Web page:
Steven Babitsky, Esq.

Opposing counsel may make a mistake during cross-examination of an expert witness. Experienced expert witnesses know how to take advantage of these opportunities.

Here is how two experts capitalized on the mistakes of opposing counsel.

“Sometime ago I was asked to be a defendant’s expert witness in a medical malpractice case. The allegation was that the urologist injured the femoral nerve in the course of an open operation to remove a lower ureteral stone. Immediately after the operation, the patient/plaintiff complained of weakness and pain in the ipsilateral thigh. The prosecution’s position was that this was a “res ipsa loquitor.” The contention was that the patient had no problem with the femoral nerve prior to the surgery and, afterwards, did have femoral neuropathy. The possibility that the alleged injury could have occurred from position on the table or transfer from the operating table to the stretcher or the epidural spinal injection used for anesthesia was not entertained.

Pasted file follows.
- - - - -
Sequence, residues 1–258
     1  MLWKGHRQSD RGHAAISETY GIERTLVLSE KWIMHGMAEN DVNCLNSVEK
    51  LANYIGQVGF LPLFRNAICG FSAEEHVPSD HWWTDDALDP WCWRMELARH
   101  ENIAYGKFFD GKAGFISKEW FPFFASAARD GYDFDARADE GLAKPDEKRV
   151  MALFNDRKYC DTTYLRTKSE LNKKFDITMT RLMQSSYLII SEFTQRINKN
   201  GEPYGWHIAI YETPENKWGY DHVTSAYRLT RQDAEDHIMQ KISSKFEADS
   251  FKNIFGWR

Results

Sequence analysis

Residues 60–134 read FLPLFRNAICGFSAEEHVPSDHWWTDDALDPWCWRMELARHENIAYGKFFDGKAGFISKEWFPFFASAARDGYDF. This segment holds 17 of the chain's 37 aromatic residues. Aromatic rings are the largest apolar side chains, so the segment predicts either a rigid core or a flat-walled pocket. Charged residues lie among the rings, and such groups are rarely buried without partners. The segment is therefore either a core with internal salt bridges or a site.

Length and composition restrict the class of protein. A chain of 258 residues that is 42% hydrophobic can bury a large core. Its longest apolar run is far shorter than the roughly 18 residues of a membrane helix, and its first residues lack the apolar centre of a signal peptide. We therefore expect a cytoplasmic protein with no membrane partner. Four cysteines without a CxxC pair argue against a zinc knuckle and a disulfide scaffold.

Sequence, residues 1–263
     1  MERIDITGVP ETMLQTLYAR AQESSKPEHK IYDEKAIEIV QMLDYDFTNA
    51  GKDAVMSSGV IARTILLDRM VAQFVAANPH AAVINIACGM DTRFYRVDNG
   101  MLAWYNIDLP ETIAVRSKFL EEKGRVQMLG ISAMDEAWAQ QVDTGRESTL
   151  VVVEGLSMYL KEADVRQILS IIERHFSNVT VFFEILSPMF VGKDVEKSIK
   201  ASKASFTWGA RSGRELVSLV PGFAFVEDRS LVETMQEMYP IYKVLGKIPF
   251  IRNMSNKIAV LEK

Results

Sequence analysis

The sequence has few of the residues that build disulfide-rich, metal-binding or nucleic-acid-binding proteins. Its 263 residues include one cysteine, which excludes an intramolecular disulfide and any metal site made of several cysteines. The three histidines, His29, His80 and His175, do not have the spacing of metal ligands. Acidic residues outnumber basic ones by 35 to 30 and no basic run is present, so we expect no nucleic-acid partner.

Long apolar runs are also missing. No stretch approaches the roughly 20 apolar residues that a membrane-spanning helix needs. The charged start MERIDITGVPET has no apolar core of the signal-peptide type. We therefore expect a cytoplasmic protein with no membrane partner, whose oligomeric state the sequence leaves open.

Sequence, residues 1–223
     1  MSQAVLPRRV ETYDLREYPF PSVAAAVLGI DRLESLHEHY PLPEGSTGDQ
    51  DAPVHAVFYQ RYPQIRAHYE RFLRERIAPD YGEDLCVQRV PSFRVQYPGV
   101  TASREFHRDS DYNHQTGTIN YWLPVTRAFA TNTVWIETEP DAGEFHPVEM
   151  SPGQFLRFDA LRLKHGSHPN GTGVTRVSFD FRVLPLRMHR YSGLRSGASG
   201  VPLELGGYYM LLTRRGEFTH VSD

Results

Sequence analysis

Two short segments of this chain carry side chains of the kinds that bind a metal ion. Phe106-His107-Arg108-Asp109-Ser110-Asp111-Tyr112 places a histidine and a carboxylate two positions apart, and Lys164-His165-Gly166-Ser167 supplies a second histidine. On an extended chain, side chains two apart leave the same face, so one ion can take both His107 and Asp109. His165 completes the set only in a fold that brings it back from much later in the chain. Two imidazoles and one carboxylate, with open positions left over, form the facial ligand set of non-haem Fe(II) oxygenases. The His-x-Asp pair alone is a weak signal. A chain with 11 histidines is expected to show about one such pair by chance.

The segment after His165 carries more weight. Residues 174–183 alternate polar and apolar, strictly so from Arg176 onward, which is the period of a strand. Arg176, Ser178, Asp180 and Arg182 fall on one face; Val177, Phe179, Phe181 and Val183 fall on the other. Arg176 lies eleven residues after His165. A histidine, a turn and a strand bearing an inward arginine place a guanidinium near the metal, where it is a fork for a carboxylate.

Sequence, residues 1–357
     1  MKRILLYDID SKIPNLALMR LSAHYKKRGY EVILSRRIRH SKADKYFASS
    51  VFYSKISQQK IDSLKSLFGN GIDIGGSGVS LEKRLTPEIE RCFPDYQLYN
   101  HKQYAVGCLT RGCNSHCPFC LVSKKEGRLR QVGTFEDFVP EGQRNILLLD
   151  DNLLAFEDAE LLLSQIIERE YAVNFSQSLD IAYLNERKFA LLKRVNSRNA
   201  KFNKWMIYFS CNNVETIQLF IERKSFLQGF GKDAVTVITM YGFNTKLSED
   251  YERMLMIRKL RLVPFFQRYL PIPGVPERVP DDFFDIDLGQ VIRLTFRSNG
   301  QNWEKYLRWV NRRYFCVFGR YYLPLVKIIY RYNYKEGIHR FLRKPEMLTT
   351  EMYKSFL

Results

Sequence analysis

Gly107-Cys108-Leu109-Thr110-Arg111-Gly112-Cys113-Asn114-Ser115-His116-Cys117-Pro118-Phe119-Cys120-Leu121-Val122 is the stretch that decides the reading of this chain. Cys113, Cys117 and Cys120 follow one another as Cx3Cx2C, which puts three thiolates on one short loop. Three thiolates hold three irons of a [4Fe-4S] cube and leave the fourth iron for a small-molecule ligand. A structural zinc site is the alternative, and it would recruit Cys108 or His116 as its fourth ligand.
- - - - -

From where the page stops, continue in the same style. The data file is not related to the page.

As an expert, I had a large rendering of the urinary tract and its relation to the spine and other intra-abdominal organs. It was mounted on an easel, and I pointed out to the jury where the ureter was and where the stone had been removed. The plaintiff’s attorney then stepped up to the picture and said, “Dr. Strauss, could you show the jury where the femoral nerve is located?” My response was, “That’s the whole point. This portion of the ureter does not come anywhere near the femoral nerve.”

The outcome was a jury decision in favor of the defendant. I feel that my graphic demonstration of the anatomy was far more effective than a verbal description and was probably instrumental in leaning the case of the physician defendant.”


I was testifying in court on asphyxiation deaths resulting from failure of a diesel-powered generator on a yacht. This was the third such failure which involved a total of 8 fatalities. The failure was in the exhaust line from the onboard, diesel engine which caused carbon monoxide fatalities.

I was asked by opposing (defense) counsel, if I were aware of any complaints regarding similar failures. I was not aware of any written or voiced complaints. My incredulous response was “How could you possibly ask me if there had been any written complaints, when this is the third such incident of fatalities, and the total killed, so far, is eight.”

The jury ordered compensatory damages plus $25 million in punitive damages to the estates of the deceased.